Neuregulin 2 (NRG2) is a novel member of the neuregulin family of growth and differentiation factors. Through interaction with the ErbB family of receptors, NRG2 induces the growth and differentiation of epithelial, neuronal, glial, and other types of cells. The gene consists of 12 exons and the genomic structure is similar to that of neuregulin 1 (NRG1), another member of the neuregulin family of ligands. NRG1 and NRG2 mediate distinct biological processes by acting at different sites in tissues and eliciting different biological responses in cells. The gene is located close to the region for demyelinating Charcot-Marie-Tooth disease locus, but is not responsible for this disease. Alternative transcripts encoding distinct isoforms have been described.
^Chang H, Riese DJ, Gilbert W, Stern DF, McMahan UJ (May 1997). "Ligands for ErbB-family receptors encoded by a neuregulin-like gene". Nature. 387 (6632): 509–12. doi:10.1038/387509a0. PMID9168114.
^Carraway KL, Weber JL, Unger MJ, Ledesma J, Yu N, Gassmann M, Lai C (May 1997). "Neuregulin-2, a new ligand of ErbB3/ErbB4-receptor tyrosine kinases". Nature. 387 (6632): 512–6. doi:10.1038/387512a0. PMID9168115.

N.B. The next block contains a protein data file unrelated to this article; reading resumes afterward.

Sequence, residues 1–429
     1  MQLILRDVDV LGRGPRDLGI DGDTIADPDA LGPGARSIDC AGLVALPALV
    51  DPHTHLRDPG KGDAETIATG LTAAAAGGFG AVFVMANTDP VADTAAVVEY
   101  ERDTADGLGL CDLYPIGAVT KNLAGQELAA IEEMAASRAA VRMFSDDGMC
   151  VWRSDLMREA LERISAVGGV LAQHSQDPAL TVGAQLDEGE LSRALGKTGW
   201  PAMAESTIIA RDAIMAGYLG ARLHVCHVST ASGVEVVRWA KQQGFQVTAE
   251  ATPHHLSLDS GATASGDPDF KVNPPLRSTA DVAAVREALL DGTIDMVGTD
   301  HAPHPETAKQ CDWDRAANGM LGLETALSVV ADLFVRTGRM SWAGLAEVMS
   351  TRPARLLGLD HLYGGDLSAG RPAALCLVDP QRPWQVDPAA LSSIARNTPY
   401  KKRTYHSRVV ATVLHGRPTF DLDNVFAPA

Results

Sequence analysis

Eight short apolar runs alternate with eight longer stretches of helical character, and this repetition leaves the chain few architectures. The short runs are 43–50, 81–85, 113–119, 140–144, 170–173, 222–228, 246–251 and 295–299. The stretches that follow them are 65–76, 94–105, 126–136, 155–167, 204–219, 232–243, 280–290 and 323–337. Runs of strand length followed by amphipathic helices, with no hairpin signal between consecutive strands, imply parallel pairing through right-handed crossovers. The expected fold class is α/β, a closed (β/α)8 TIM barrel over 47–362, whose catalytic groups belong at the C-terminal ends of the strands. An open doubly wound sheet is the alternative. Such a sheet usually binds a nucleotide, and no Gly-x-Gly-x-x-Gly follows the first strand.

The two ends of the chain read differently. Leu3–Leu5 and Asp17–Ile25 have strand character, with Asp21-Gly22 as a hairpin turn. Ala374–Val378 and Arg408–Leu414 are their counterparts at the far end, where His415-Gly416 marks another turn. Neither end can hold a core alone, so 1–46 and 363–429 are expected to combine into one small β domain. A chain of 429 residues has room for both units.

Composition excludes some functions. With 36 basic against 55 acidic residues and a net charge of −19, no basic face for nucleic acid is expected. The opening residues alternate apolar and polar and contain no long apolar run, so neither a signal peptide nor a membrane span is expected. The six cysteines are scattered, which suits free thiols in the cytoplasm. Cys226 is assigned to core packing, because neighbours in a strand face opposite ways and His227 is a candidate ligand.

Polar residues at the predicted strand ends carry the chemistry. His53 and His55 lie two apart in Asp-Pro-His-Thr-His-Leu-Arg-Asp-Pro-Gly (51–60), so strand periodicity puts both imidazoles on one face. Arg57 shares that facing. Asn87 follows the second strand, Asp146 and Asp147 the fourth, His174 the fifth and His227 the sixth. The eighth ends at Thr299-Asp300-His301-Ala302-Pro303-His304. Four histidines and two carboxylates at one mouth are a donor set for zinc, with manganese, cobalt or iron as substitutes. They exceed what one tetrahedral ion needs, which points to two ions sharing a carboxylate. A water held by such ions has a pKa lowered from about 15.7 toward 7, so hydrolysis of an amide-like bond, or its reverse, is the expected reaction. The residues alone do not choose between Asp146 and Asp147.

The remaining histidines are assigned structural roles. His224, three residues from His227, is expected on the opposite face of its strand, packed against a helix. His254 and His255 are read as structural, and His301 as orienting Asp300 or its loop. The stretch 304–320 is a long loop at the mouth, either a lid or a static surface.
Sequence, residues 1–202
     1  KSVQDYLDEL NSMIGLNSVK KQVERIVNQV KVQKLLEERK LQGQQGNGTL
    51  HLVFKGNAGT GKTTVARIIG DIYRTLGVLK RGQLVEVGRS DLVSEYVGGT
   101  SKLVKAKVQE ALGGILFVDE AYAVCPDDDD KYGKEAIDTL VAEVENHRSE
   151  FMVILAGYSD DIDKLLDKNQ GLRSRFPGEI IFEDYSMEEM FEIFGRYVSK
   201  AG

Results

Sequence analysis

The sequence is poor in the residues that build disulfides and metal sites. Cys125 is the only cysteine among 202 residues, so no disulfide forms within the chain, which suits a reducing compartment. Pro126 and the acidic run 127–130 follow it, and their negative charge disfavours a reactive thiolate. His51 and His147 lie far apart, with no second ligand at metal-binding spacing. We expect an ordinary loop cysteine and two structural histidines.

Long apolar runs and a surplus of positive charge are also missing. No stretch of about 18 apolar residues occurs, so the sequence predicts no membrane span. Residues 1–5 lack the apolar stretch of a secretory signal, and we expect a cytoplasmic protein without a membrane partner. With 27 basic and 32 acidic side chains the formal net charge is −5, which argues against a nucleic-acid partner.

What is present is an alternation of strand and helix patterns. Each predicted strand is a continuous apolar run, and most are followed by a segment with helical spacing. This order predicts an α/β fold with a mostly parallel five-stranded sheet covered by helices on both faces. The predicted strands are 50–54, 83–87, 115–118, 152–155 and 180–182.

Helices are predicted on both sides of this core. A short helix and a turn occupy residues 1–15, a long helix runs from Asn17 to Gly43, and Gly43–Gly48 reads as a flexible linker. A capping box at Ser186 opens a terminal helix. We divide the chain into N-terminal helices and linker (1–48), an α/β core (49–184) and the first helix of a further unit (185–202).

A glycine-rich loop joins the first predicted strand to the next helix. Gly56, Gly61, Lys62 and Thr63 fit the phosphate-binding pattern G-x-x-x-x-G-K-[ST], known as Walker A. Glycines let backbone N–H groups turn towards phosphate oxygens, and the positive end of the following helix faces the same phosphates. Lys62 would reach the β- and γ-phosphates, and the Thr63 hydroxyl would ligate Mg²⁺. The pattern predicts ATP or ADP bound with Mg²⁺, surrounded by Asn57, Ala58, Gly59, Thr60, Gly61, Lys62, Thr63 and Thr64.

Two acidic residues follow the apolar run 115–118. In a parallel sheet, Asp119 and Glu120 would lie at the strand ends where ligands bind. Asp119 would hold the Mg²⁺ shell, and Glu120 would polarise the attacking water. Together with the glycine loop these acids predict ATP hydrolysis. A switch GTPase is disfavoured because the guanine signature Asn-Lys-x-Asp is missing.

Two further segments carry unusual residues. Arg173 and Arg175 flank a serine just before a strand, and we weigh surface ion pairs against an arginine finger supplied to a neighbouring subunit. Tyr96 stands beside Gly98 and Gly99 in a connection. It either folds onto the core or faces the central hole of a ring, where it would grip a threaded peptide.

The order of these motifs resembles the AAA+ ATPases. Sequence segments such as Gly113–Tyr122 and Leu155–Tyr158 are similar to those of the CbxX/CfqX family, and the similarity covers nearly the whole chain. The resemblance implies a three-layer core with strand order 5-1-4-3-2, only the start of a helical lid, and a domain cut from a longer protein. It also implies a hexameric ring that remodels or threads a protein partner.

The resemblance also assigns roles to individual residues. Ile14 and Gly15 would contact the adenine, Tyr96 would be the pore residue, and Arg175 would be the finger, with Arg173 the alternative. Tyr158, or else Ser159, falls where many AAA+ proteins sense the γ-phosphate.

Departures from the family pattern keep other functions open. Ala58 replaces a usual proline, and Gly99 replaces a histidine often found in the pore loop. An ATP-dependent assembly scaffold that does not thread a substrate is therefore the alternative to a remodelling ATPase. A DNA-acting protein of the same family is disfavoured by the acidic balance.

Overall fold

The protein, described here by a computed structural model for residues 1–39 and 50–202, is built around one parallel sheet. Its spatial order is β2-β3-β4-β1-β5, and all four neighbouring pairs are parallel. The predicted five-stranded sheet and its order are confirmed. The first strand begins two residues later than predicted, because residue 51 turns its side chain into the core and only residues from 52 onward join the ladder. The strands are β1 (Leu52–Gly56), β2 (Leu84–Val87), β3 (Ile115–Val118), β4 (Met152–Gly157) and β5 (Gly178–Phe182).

Reddy PH, Stockburger E, Gillevet P, Tagle DA (1998). "Mapping and characterization of novel (CAG)n repeat cDNAs from adult human brain derived by the oligo capture method". Genomics. 46 (2): 174–82. doi:10.1006/geno.1997.5044. PMID9417904.
Ring HZ, Chang H, Guilbot A, et al. (1999). "The human neuregulin-2 (NRG2) gene: cloning, mapping and evaluation as a candidate for the autosomal recessive form of Charcot-Marie-Tooth disease linked to 5q". Hum. Genet. 104 (4): 326–32. doi:10.1007/s004390050961. PMID10369162.
Nakano N, Higashiyama S, Ohmoto H, et al. (2004). "The N-terminal region of NTAK/neuregulin-2 isoforms has an inhibitory activity on angiogenesis". J. Biol. Chem. 279 (12): 11465–70. doi:10.1074/jbc.M311045200. PMID14722120.
Ponomareva ON, Ma H, Dakour R, et al. (2005). "Stimulation of acetylcholine receptor transcription by neuregulin-2 requires an N-box response element and is regulated by alternative splicing". Neuroscience. 134 (2): 495–503. doi:10.1016/j.neuroscience.2005.04.028. PMID15961242.